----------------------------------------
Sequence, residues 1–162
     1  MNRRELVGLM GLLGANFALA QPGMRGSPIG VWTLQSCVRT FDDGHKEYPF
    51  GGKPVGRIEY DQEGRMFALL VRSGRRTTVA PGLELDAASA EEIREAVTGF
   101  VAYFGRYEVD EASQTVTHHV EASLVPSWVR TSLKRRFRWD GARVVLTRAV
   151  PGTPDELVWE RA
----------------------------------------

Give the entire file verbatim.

Sequence, residues 1–162
     1  MNRRELVGLM GLLGANFALA QPGMRGSPIG VWTLQSCVRT FDDGHKEYPF
    51  GGKPVGRIEY DQEGRMFALL VRSGRRTTVA PGLELDAASA EEIREAVTGF
   101  VAYFGRYEVD EASQTVTHHV EASLVPSWVR TSLKRRFRWD GARVVLTRAV
   151  PGTPDELVWE RA